Saturday, April 19, 2008

No CET, many fail in engg exams

The first signs of what it does to the educational scenario if we do away with the entrance exams, have appeared. A phenomenal high in failures in the first semester, particularly in the subjects that require analytical skills (news item below), questions the wisdom of doing away with entrance exams.

Contrary to what the opponents of CET have said, entrance exams were not meant for equalizing students from different streams. It is for selecting only those who have the acumen to pursue professional courses. With the plus two results becoming a prestige issue with the Government which has no qualms in reducing the standards and minimum pass marks to boast a high in the pass percentage, the system based on the marks in plus two exams is nothing short of a farce.

If the situation in the leading college like Guindy Engineering is so grim, what is happening in the medical colleges? Until a couple of years ago, bulk of the medical seats went to students who had taken up improvement exams. The intrinsic capacity of these students is certainly doubtful. With the abandonment of CET last year the trend is continuing with compromise in quality.

When the so-called high rankers in Board exams are performing so pathetically, it is shuddering to think of the performance of those who enter through reservation.
I don't say 'no' to higher studies to all.
But we must accept that not all are capable of pursuing engineering or medical studies. By opening 1000s of seats in engineering colleges and luring people to take them up through methods like this,
we are only harming the future of the students.
It gives an impression that there is no study other than engineering in India.
No other branch of knowledge is encouraged by this and the reservation policy.

A similar disaster can be expected to be reported soon in the IITs.
With the present prediction of cut-offs to IIT 2008, the highest will be 350, whereas the lowest ranker who enters through reservation will have scored 150.
What a huge disparity!
In what way those in the lower ranks can rise up to match those who score high?
Certainly reservation is not a solution to uplift students intellectually nor even socially.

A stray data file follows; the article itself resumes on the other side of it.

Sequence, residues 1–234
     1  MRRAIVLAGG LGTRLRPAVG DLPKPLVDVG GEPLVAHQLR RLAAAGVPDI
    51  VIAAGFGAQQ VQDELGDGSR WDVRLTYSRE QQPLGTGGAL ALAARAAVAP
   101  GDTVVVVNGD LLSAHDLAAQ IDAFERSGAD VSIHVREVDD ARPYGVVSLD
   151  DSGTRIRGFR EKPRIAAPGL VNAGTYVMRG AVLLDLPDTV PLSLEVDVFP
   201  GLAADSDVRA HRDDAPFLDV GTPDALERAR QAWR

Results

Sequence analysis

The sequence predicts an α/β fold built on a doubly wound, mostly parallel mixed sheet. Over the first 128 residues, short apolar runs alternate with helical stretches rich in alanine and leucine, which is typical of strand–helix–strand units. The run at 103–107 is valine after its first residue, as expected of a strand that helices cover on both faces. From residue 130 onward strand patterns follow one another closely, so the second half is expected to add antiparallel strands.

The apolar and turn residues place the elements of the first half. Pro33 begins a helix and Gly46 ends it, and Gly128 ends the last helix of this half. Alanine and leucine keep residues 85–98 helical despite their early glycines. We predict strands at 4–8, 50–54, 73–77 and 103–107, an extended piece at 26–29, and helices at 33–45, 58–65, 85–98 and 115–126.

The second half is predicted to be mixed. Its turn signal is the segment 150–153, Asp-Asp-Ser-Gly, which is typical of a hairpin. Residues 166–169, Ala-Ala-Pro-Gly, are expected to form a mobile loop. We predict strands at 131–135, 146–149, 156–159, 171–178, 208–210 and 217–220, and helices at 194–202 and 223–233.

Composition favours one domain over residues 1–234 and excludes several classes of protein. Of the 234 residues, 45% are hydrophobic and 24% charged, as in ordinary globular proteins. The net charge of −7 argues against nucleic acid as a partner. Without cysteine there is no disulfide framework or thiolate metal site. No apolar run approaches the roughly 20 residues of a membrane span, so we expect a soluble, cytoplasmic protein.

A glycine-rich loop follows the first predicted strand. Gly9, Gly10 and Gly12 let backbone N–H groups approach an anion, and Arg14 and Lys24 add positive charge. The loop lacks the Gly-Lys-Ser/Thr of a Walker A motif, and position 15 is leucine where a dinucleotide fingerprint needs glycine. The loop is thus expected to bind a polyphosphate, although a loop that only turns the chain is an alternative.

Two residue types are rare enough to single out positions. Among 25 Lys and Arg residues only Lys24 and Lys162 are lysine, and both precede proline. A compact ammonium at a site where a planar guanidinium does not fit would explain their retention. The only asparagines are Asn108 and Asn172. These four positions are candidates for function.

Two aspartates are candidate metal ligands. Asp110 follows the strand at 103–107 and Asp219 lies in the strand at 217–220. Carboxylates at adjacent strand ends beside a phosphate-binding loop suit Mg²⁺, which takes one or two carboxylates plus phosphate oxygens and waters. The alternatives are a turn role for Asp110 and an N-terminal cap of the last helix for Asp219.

It will only succeed in making an intellectual downtrodden in fields where they need not tread.
Each unto his capacity. That is the core theme of intellectual and emotional quotient.
Unless the politicians realize this and keep away from the educational scenario, leaving it to the handling of a core groups of educationists, the students can not but have to become pawns in the games that politicians play.

Article from Deccan Chronicle.

No CET, many fail in engg exams

Chennai, April 18:

Over 30 per cent of the students pursuing engineering courses in constituent colleges of Anna University, Chennai, have failed in one subject or the other in the recently concluded first year examinations. The reason, many say, is a fallout of the state government scrapping the common entrance test (CET). The government's move aimed at helping rural students, seems to have evoked adverse reactions this year.

It is said the students who did not have good foundation in class 12 entered the prestigious colleges with marks that they had scored by rote learning. These students, unable to cope up with the tough engineering syllabus, had failed to answer analytical questions. University insiders allege that the first semester examinations for the constituent colleges of the university - College of Engineering, Guindy, the Madras Institute of Technology and the Alagappa College of Technology - were over in December last year, but the results, usually published in the second week of February second, were out only this month.

The inordinate delay, they claimed, was due to the collapse of software used for analysing results and publishing them. However, highly placed sources in the university allege that in subjects like engineering mathematics, the failure rate was more than 30 per cent. It was also one of the reasons for the delay in publishing the results. Sources said students usually find engineering mathematics difficult as it is application-oriented.

“The common entrance examination has good application-oriented questions that go beyond the normal plus-2 public examination format. Even the pick of students from the best of higher secondary schools and studying in top colleges in Tamil Nadu failing in the engineering mathematics subject is a matter of concern,” the sources added. University vice-chancellor Dr D. Viswanathan could not be reached for his comments.

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